a year ago

A journey back in time in the lap of Nature


Published :

Updated :

"No man ever steps in the same river twice. For it's not the same river and he is not the same man", said Heraclitus, a pre-Socratic Greek philosopher. To ordinary unthinking mortals, this is rather comical. They would scoff at this apparently irrational argument because they think the river flows as it did before and they are the same persons throughout their lives. Little aware that everything in this universe undergoes changes every second or even every fraction of a second, they may take a plunge in a river again to show it was the same experience.
This happens because the change is not perceptible to the naked eye but if one pauses to think, one will appreciate the fact that the water there was moment before has flowed down to be replaced by a fresh volume and the contents including floating soil particles in it are different. In the same way the person is a changed one. The condition that prompted him to take the bath may no longer exist the second time or there may be a greater or no urgency this time and all this makes a difference in the composition of the personality in question.
This is exactly why one cannot bathe in the same river twice. In the same way, one cannot revisit the days left behind. Yet science claims time travel is possible. James Webb Space Telescope takes us billions years back across 340 light years to have glimpses of the formative pictures of the universe. This is no fiction but reality at its most authentic.
So, maybe, not all things we consider lost are not actually lost. Only we have no means to travelling back to time. But human mind is powerful enough to revisit all that was once part of one's life, of course in association with others who were somehow part of the physical or mental frame. It is not just people but the natural settings with their charms where plants and trees with flowers and fruits, bushes, green pastures, undulating crop fields, ponds, canals, lakes, swamps, rivers and maybe, for some even sea present a particularly enduring scene before the eyes of a budding life. Eternally enduring is it!
As the little life blossoms, interests continue to grow diverse. Inquisitive minds and eyes feast on the beauty and wonders of Nature. But the problem is that not all children are equally fortunate to have the leisure for a communion with the myriad enchanting and bewitching natural changes that take place with the order of seasonal cycle.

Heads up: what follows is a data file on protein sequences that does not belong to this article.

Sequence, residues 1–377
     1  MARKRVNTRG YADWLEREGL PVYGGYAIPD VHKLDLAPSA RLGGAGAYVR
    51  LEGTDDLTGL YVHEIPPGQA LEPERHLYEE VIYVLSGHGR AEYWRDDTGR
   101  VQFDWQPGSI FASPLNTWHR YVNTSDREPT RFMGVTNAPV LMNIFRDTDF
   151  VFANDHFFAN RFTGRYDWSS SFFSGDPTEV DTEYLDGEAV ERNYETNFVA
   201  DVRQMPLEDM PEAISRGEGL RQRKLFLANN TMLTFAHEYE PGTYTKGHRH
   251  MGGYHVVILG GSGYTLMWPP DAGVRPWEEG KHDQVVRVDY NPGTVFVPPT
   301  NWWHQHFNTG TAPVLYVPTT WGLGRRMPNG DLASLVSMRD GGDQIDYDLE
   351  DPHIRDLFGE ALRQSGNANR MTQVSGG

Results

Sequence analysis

Children born in cities are most unfortunate because of their deprivation of the many gifts their rural brothers and sisters receive in the lap of Nature. This explains why the young generation is growing robotic. Even in villages, the scenic beauty is losing the multi-dimensional attractions because wilderness is fast disappearing to make room for trees that bring quick economic returns. Clearly not many of them will have extraordinarily charming pictures of the childhood and boyhood years to revisit when they are grown up adults or old people.
Celebrated filmmaker Satyajit Ray immortalised Apu and Durga's childhood venture through kashful (kans grass) as they take their first look of a train. The little ones' journey was as much a physical step outside their boundary as a mental trip beyond their known realm. But not many could appreciate the contrast between the inroad made by a behemoth into pristine Nature.
There is no point lamenting this because things move forward, anyway. What is important here is the enduring appeal of enchanting natural sights and sounds for impressionable minds. Those stay with someone forever like a favourite album. Whenever one wants, one can browse through those indelible images and experience a time travel of one's choice. This is highly sustaining and the once-happy times work as a therapeutic cure for a troubled or wounded soul.
This is Autumn proper. Who says it is not possible for people in an advanced age to take a nostalgic journey to the childhood days full of wonders, charms and appeals? Those are the treasure troves that one would like to return to time and again in order to get nursing of one's soul. At a time when the Autumn seems to have lost its autumness, the sense of loss is made acuter which in its turn whets the appetite for rediscovering the season at its magical best marked by a clear blue sky with languid white patches of clouds sailing overhead and an inherent pensive tune pulsating within the bosom of Nature.

Share this news